The RAC has warned that relaxing the frequency of MOT tests would see a “dramatic increase” in the number of unroadworthy vehicles, in turn making roads “far less safe”.
On Tuesday (26 April), the cabinet met to discuss ways to ease the impact of the rising cost of living.
According to BBC News, transport secretary Grant Shapps suggested reducing the need for an annual MOT.
The MOT is designed to ensure vehicles are roadworthy, costing approximately £54.85 for a car and £29.65 for a standard motorcycle.
Two cabinet sources told the BBC that Mr Shapps suggested reducing the need for renewal to every two years, rather than one, to cut costs for households.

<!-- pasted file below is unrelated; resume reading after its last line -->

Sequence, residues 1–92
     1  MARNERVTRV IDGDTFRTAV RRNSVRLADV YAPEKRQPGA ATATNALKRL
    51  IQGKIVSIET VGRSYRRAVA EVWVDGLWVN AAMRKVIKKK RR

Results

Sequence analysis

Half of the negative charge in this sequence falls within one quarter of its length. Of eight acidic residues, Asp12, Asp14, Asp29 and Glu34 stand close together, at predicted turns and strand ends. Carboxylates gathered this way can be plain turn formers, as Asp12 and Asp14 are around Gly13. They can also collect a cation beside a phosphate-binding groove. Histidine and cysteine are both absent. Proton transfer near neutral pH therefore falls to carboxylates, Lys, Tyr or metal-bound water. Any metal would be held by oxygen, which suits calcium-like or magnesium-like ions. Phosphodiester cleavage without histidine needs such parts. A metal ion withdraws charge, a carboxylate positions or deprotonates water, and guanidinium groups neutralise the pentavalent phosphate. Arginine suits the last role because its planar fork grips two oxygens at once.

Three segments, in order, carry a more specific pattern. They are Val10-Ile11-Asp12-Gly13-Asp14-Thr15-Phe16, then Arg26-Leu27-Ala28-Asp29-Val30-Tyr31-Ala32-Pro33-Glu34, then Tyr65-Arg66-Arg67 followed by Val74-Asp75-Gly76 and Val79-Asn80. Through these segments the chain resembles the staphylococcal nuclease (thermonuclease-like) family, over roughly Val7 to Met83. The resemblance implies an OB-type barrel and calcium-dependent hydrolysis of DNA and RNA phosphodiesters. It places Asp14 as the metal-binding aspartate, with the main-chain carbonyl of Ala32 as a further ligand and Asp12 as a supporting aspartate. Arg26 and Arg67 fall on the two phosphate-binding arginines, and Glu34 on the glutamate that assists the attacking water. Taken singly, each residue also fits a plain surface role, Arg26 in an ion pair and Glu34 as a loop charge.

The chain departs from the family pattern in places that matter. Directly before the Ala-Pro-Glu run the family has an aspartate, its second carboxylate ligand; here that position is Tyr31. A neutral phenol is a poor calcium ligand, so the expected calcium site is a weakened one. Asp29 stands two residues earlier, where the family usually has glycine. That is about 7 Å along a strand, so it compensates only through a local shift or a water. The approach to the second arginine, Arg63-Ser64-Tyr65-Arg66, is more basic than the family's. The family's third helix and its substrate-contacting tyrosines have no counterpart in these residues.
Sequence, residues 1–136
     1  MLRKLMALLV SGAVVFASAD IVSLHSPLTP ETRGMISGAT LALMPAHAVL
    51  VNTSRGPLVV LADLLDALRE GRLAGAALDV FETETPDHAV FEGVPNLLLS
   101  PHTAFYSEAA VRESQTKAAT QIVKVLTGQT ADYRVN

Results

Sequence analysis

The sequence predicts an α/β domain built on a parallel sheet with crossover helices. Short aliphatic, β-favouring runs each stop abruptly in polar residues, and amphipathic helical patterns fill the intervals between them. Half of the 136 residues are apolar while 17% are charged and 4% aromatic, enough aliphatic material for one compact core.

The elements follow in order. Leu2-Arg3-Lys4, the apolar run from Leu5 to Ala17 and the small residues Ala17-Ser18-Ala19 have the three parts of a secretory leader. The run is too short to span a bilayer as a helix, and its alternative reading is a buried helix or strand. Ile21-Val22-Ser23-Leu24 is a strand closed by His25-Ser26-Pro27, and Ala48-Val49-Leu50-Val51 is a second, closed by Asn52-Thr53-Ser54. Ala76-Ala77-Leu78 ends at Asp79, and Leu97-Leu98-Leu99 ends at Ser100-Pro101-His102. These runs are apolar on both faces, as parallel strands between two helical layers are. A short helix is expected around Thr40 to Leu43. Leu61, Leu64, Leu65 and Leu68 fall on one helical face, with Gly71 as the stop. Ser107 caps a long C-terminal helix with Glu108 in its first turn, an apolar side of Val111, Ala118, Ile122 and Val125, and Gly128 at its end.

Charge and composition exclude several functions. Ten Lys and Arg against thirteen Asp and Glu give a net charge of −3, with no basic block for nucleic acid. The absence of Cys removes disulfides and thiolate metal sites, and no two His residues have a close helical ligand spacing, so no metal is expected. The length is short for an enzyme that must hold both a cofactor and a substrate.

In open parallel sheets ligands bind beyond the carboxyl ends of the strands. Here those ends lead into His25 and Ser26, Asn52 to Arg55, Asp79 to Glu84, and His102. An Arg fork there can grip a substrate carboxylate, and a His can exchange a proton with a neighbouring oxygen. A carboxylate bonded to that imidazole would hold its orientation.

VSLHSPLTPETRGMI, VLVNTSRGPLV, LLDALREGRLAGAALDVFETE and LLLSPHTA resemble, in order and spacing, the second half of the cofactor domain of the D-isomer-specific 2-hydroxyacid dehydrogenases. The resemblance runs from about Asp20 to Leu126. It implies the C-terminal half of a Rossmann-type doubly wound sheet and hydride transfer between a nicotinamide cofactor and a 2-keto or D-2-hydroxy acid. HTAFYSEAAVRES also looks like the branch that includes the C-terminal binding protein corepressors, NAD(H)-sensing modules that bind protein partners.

This has been criticised by the RAC, who has highlighted the potential road safety implications.
Nicholas Lyes, RAC head of policy, said: “The purpose of an MOT is to ensure vehicles meet a basic level of safety for driving on our roads.
“Shifting it from annually to every two years would see a dramatic increase in the number of unroadworthy vehicles and could make our roads far less safe.”